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I am seeing python core dump for a seemingly harmless program. I have written following piece of code to demonstrate my problem:

proc = None

def __signalHandler(signum, frame):
   print "In __signalHandler"

   if proc is not None:
      print "Send signal to BG proc"
      os.killpg(os.getpgid(proc.pid), signal.SIGINT)

      print "Wait for it to finish"
      proc.communicate()

   print "sys exit"
   sys.exit(130)

signal.signal(signal.SIGINT, __signalHandler)

# Start the process
proc = subprocess.Popen(["a.out"],
                        stdout=subprocess.PIPE,
                        stderr=subprocess.PIPE,
                        preexec_fn=os.setsid)

while proc.poll() is None:
   try:
      print proc.stdout.readline()
   except:
      print "Exception caught"

print "Done!"

a.out is a executable that prints statement and sleeps in a loop:

int main(int argc, char* argv[])
{
   for (int i = 0; i < 100; i++)
   {
      printf("Sleeping...\n");
      std::cout.flush();
      usleep(500000);
   }

   return 0;
}

Following is the output I get when I run the python code (I run the python program and then press Ctrl-C so that the signal handler gets invoked):

$ python sample.py
Sleeping...
Sleeping...
Sleeping...
^CIn __signalHandler
Send signal to BG proc
Wait for it to finish
sys exit
Segmentation fault (core dumped)

Does anyone have a clue why python core dumps? Is there any way to fix this? My guess is that the exception thrown from sys.exit() is somehow causing a problem. os._exit() doesnt have the same issue. However, I am trying to find out the exact reason behind this behaviour.

For what it's worth, I am using Python 2.7.3

share|improve this question
    
Have you tried using fflush(stdout) instead of std::cout.flush()? See What's the difference...? –  Peter Wood Jul 16 at 19:53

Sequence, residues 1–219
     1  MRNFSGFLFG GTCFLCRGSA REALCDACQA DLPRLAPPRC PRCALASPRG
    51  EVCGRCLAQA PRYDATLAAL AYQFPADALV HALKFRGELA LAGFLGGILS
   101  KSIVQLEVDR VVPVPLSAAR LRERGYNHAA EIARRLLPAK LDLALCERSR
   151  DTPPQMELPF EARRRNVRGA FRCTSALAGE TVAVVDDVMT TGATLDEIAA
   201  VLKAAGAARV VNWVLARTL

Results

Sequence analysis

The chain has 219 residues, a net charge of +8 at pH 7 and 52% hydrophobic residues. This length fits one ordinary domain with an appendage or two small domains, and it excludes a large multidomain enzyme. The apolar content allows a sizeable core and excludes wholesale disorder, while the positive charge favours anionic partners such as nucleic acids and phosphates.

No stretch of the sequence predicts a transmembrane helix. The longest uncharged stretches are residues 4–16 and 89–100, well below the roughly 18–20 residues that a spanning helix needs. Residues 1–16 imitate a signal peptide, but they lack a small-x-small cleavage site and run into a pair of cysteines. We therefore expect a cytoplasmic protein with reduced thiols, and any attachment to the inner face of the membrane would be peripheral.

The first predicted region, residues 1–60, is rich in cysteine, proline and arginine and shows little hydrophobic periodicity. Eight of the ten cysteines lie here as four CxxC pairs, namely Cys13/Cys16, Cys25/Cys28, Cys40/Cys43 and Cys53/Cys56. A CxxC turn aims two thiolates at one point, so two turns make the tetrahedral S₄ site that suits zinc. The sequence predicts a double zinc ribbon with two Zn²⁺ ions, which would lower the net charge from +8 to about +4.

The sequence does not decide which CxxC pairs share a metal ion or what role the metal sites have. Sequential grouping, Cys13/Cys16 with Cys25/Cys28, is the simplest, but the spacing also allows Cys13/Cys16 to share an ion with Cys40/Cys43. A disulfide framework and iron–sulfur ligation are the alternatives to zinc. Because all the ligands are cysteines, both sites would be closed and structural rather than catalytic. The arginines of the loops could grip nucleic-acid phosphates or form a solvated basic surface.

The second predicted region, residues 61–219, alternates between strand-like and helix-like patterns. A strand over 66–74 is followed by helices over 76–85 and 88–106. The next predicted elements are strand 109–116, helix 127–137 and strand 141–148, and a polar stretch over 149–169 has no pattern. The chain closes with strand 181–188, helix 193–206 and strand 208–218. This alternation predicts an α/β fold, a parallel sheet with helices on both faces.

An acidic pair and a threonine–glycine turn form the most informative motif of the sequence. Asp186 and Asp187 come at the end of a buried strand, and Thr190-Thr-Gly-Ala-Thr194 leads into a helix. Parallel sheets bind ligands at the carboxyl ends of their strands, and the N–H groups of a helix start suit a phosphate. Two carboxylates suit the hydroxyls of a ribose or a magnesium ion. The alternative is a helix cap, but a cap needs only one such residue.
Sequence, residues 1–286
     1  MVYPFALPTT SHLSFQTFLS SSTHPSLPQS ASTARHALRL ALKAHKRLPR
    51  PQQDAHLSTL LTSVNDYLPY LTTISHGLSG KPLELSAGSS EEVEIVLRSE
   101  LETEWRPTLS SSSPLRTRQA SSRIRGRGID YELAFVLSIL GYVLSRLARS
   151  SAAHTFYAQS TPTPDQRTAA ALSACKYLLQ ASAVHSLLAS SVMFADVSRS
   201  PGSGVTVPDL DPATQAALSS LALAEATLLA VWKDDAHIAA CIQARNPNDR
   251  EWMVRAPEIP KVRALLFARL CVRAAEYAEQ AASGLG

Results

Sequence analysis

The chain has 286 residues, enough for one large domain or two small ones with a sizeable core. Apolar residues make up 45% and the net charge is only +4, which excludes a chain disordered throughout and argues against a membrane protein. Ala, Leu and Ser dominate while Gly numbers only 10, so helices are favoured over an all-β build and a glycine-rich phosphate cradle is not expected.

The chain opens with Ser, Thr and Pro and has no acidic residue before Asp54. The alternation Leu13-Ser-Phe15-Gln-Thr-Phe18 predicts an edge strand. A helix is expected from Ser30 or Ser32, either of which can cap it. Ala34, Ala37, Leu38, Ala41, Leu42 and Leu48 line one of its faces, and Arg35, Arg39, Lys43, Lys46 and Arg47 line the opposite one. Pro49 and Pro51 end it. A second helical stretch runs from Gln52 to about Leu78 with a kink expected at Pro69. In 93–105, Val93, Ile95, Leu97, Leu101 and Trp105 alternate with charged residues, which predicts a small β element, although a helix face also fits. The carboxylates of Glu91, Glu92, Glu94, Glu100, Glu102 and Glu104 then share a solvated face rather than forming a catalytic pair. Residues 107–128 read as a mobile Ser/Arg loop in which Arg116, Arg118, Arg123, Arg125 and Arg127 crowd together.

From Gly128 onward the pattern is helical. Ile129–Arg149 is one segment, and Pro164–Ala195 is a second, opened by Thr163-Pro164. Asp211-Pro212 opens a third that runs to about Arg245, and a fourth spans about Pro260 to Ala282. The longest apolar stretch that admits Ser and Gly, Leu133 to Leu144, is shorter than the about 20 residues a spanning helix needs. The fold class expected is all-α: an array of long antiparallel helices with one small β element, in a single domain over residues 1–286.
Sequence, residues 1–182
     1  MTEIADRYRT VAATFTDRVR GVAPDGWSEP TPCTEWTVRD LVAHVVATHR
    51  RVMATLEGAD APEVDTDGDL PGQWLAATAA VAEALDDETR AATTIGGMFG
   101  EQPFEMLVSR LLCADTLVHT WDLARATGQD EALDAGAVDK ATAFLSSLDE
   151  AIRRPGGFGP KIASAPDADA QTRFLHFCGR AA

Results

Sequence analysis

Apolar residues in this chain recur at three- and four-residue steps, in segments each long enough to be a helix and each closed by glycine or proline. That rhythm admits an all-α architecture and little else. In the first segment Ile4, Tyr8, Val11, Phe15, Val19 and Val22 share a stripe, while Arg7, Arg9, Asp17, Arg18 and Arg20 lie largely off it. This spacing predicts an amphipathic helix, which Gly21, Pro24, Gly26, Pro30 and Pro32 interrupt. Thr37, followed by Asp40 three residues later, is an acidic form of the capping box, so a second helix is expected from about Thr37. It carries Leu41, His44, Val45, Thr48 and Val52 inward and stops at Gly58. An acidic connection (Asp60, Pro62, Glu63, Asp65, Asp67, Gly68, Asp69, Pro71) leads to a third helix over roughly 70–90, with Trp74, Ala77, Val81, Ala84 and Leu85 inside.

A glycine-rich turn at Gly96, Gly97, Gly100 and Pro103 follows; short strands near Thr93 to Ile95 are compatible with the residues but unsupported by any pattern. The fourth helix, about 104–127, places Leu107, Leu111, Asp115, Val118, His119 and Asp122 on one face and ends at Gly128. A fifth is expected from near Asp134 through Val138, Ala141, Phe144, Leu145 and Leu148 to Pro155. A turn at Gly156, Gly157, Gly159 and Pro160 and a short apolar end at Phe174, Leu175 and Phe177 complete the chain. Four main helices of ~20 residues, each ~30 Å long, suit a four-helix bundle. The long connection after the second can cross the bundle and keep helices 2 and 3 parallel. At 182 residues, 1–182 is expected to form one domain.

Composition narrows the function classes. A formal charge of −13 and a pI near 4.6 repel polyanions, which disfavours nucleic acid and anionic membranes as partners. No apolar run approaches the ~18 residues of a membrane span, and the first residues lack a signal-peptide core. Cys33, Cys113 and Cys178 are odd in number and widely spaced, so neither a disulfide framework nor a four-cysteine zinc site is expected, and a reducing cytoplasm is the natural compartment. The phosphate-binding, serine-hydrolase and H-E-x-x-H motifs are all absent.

@PeterWood There is no problem with the C++ program. But just for the sake of it, fflush(stdout) doesn't change the behavior and python still crashes. –  mand Jul 16 at 19:57
    
Can't reproduce it using python 2.7.6, can you open the core dump to gather some info about the crash ? –  Julien Palard Jul 19 at 11:13

1 Answer 1

This version works: interrupting the top-level program correctly prints "sys exit", and output of the subprocess is printed line by line.

source

import os, signal, subprocess, sys

proc = None

def __signalHandler(signum, frame):
   print "In __signalHandler"

   if proc is not None:
      print "Send signal to BG proc"
      os.killpg(os.getpgid(proc.pid), signal.SIGINT)

      print "Wait for it to finish"
      proc.communicate()

   print "sys exit"
   sys.exit(130)

signal.signal(signal.SIGINT, __signalHandler)

# Start the process
proc = subprocess.Popen('ping -c3 8.8.8.8'.split(),
                        stdout=subprocess.PIPE,
                        stderr=subprocess.PIPE,
                        preexec_fn=os.setsid)

while proc.poll() is None:
   try:
      print proc.stdout.readline(),
   except Exception as exc:
      print 'Exception caught: {}'.format(exc)

print "Done!"

output

$ python ./sub5.py 

PING 8.8.8.8 (8.8.8.8) 56(84) bytes of data.
64 bytes from 8.8.8.8: icmp_seq=1 ttl=43 time=48.0 ms
64 bytes from 8.8.8.8: icmp_seq=2 ttl=43 time=48.3 ms
^CIn __signalHandler
Send signal to BG proc
Wait for it to finish
sys exit

$ echo $?
130
share|improve this answer
    
I don't see any substantial difference between your Python program and what I've posted except for the use of ping as exec. Anyway, it doesn't work for me and I see a seg fault. Which Python version are you using? –  mand Jul 17 at 20:10
    
yes, there is no difference. With 'ping' we can both test things back and forth. I'm using Python 2.7.5 on a Linux Mint x86_64 machine. –  shavenwarthog Jul 17 at 22:54

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